Additional Works of Satire in Literature
Some additional famous satirical works of literature, and their targets, are:
- Adventures of Huckleberry Finn(Pre-civil-war Southern society, in particular its racism)
- American Psycho(Consumer capitalist American society of the 1980s)
- Animal Farm(Communist in general and the Soviet Union in particular)
- Arms and the Man(Romantic ideals, particularly about love and war)
- Candide(Every powerful institution, from the Church to the military, of 18th century Europe)
- Catch-22(The U.S. military)
- Don Quixote(Among many other things, fictional books about chivalrous heroes that were popular when Cervantes wrote Don Quixote)
- Gulliver's Travels(English society, and humans in general)
- A Modest Proposal(English society, particularly in its dealings with Ireland, which at the time was under English control)
Satire in Film and Television
Satire is popular on television, especially on late-night talk shows like Saturday Night Live and The Late Night Show with Stephen Colbert, where hosts regularly target politicians and celebrities who have been in the news recently. Ssome famous satirical movies and their targets are:
- Dr. Strangelove or: How I Learned to Stop Worrying and Love the Bomb(the Cold War, American geopolitics, the military industrial complex, and nuclear proliferation)
- Deadpool(Marvel superheroes, particularly their straight-laced style)
- The Wolf of Wall Street(American capitalists, in particular their lavish lifestyles and prodigious hedonism)
- Happiness(American suburban life, particularly its treatment of sexuality)
- Monty Python's The Meaning of Life(English society, particularly its propriety and religious convictions)
- Zoolander(The fashion industry)
- M*A*S*H (The U.S. Military)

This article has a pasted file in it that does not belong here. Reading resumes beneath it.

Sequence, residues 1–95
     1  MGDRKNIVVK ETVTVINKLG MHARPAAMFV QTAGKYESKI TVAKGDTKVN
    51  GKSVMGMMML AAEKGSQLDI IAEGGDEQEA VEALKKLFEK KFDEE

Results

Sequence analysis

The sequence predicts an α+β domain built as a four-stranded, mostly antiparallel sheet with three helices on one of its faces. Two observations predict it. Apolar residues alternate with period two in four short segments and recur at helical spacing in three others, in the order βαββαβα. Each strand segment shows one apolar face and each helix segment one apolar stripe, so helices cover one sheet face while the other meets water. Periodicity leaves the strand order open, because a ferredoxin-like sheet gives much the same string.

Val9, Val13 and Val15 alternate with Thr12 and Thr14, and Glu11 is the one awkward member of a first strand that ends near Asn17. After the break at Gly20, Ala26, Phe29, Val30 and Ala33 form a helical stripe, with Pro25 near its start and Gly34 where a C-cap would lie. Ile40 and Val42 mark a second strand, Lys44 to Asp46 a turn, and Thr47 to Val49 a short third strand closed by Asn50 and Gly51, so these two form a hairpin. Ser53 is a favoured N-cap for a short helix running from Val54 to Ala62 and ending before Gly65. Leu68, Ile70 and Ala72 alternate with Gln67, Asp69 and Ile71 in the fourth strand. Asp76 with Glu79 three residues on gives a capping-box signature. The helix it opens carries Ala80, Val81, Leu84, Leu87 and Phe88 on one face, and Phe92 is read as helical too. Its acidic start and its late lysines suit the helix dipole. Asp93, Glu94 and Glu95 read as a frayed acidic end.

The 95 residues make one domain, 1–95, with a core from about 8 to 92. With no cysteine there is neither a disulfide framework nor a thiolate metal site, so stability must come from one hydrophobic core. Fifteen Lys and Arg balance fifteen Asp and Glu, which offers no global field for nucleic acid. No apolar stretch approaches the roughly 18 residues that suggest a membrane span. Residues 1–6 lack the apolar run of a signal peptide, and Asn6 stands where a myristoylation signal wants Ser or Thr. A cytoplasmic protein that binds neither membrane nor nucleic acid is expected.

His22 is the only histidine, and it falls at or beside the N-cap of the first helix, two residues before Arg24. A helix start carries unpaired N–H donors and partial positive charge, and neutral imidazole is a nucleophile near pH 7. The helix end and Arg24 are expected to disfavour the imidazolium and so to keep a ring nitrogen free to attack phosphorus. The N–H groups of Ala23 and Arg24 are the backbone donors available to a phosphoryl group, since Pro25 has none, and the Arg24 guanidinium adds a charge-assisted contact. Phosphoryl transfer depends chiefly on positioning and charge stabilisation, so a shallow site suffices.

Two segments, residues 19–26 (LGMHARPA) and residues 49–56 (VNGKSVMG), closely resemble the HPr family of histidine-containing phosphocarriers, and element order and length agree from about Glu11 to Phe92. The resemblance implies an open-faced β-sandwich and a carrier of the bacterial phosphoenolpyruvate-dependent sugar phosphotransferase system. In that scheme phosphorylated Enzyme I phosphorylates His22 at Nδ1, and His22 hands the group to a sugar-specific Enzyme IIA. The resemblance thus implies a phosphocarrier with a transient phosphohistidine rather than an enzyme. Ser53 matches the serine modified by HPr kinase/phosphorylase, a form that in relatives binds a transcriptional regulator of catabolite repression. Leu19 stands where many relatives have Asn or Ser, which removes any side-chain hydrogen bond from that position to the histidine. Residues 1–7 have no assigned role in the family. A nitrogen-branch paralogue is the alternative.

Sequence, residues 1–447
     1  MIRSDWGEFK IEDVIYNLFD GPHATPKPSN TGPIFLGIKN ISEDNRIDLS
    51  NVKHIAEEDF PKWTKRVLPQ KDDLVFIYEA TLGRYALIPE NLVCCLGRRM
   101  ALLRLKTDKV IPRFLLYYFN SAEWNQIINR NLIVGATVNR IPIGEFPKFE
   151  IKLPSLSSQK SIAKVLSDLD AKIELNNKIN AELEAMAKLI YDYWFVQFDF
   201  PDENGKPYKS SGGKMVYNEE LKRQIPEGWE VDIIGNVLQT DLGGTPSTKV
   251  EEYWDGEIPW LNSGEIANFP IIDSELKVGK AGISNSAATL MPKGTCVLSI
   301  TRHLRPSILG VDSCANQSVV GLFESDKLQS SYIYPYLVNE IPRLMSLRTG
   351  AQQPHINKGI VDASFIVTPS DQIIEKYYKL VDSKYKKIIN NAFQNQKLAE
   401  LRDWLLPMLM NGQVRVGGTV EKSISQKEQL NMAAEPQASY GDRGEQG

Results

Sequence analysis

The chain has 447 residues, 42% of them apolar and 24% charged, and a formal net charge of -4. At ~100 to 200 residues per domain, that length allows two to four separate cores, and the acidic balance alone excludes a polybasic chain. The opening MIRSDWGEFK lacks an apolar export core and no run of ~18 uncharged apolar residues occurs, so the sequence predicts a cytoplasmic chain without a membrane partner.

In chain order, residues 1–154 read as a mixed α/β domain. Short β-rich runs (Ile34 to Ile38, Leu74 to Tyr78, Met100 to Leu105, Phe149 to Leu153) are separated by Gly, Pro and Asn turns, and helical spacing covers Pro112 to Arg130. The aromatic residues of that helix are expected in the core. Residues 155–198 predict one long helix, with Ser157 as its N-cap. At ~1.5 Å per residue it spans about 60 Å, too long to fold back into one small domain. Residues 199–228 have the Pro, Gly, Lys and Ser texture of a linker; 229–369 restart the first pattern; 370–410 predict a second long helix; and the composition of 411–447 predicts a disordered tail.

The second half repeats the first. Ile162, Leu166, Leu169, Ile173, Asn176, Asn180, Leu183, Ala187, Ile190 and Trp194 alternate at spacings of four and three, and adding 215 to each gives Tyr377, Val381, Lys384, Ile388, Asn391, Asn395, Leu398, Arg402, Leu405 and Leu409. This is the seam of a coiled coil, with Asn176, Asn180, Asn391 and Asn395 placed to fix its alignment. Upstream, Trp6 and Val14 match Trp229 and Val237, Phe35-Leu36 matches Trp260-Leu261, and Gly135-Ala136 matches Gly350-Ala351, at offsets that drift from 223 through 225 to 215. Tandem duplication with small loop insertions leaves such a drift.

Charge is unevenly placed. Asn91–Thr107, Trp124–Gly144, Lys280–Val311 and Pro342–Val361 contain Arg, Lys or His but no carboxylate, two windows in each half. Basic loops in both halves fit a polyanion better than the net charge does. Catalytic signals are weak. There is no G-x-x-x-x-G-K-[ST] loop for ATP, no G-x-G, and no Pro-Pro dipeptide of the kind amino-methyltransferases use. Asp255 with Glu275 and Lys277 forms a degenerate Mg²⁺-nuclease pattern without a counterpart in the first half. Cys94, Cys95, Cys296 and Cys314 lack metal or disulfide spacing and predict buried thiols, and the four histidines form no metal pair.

Satire in Political Cartoons
For centuries, cartoonists have used satire to raise awareness of political issues and to belittle people in positions of power. Often, they present extremely unflattering portraits of public figures, with exaggerated facial features and outrageous outfits to emphasize how loathsome they are in the eyes of the artist and readers.
Satire in James Gillray's The Plumb-pudding in Danger
Published in 1805, this cartoon depicts the French emperor and British prime minister battling for bigger portions of a globe-shaped dessert. Gillray satirizes French and British political ambitions by recasting the two leaders' competition for global dominance as a fight at the dinner table. While leaders often present their expansion efforts as being for the good of the nation, Gillray links their desire for new territory to their endless appetite for personal fame and power.
Why Do Writers Choose to Write Satire?
Some authors write satire to raise awareness of social problems and apply pressure on the individuals or institutions responsible for creating them. However, satires don't have to explicitly call for social change—they may just be poking fun at human nature for the sake of entertainment. Writers can use satire for a variety of reasons:
- To bring attention to issues that might otherwise be overlooked.
- To advocate for social reform.
- To provide insight into human weaknesses.
- To amuse readers by bringing powerful figures down a notch.